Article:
Clean Boaters: Protecting Waterways
In addition to marinas and the boaters that dock there, the Clean Marinas team also wanted to target boaters that may rent boats or keep smaller vessels like kayaks at home. The Ohio Clean Boater Program, started in 2006, encourages the hundreds of thousands of boaters across Ohio to do their part in protecting the waterways they use for recreation.
“The program highlights key practices that boaters should be implementing,” said Orlando. “They’re simple and easy to understand, but every boater who is doing them can make a big impact.” Examples include minimizing gasoline spills while fueling their boat, recycling or at least avoiding littering during boat trips, and practicing “clean, drain, dry,” a technique that helps boaters avoid the spread of invasive species from one body of water to another.
“Any boater can participate in the Ohio Clean Boater program, whether they’re at a certified Clean Marina or not,” Orlando continued. “No matter where you are in the state of Ohio, if you’re on the water somewhere, there are things you can do to help, and we want to recognize and support those who pay attention to simple things they can do to keep our water clean and safe.”
But really, the cost savings aren’t what the Ohio Clean Marinas Program is about. “At the end of the day, the marinas aren’t going to save a ton of money by being a certified Clean Marina, or by shrink-wrap recycling, and they know that,” said Orlando. “They’re participating because they know it’s the right thing. They know they’re a business that relies on clean water to thrive, and they are participating in the active protection of that water resource, which ultimately helps their business in the long term.”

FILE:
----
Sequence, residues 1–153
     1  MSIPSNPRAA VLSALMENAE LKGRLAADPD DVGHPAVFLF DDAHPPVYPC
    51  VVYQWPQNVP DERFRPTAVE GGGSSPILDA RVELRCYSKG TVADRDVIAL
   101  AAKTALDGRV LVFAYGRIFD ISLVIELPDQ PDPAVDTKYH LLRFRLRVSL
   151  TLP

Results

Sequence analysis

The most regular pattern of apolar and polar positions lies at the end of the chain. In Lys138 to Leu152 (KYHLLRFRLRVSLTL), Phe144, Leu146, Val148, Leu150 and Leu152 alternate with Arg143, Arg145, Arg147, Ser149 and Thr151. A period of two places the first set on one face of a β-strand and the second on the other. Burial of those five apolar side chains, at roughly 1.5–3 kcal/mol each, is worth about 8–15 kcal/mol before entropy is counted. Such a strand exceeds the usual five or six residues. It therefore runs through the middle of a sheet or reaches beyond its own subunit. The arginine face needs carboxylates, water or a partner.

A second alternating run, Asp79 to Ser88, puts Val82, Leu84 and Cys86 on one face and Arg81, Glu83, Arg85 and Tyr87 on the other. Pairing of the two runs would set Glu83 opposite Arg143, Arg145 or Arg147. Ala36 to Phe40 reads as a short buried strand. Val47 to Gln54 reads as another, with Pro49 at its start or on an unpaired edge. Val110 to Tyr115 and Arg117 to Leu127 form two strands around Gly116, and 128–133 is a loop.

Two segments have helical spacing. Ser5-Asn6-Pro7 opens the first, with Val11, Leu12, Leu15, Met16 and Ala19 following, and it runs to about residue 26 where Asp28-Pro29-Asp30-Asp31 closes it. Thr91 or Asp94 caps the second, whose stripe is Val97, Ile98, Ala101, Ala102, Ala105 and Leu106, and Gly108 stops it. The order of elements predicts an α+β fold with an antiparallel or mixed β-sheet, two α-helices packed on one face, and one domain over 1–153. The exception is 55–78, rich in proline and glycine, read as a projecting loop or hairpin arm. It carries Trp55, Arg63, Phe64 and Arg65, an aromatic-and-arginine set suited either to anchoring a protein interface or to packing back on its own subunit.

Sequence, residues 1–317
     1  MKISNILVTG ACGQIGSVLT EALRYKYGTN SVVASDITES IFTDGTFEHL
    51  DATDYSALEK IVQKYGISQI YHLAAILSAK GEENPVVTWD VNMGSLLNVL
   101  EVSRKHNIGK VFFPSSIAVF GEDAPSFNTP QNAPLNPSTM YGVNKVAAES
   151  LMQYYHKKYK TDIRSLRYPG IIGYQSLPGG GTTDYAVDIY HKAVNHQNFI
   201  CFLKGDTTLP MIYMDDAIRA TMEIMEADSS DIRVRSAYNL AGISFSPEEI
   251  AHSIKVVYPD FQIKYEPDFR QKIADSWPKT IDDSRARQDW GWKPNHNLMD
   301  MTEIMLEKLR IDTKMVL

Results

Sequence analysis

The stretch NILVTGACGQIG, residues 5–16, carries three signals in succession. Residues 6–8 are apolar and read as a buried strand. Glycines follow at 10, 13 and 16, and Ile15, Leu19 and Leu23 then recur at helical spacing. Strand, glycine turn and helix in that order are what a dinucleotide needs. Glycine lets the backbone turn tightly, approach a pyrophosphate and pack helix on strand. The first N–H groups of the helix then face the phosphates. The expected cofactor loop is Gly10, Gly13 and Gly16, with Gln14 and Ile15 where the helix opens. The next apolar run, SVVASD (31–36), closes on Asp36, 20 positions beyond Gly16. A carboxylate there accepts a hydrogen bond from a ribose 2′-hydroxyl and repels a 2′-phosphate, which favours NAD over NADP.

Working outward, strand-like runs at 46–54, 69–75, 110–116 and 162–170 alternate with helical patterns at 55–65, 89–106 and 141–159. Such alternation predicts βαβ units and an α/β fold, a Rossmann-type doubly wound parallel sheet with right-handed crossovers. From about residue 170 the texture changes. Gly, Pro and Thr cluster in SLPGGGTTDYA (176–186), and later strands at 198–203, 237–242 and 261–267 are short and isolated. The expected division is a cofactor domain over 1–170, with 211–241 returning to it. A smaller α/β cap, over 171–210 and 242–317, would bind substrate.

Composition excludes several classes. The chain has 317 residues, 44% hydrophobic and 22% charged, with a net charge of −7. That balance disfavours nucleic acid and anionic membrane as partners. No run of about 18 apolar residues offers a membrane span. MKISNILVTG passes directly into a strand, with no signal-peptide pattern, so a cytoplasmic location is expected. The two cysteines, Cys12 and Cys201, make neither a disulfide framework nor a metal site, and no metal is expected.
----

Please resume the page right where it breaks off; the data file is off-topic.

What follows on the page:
To continue recruiting marinas to the program – and to keep things interesting for the marinas that have been around for a while – the Clean Marinas team is developing a new tiered certification system that will recognize marinas going above and beyond the baseline requirements and giving currently certified marinas new goals to work toward. Two additional tiers beyond the basic certification will incorporate new science on best management practices, as well as ideas that wouldn’t be a new clean marina’s initial focus, but make good add-ons once those initial steps are completed.
“Some examples of the things we’re thinking about are a greater emphasis on native plants, for example,” said Orlando. “So we really want to make sure the marinas are doing landscaping that involves native vegetation, stabilizing the shoreline but encouraging what we call a living or natural shoreline that helps with erosion control but also creates habitat for wildlife and makes it a more natural and more of a clean marina-type environment.”
With updates like these, and frequent exchange of ideas with Clean Marinas programs in other Great Lakes states, the Ohio Clean Marinas team continues to keep Lake Erie clean and healthy, one marina and one boater at a time.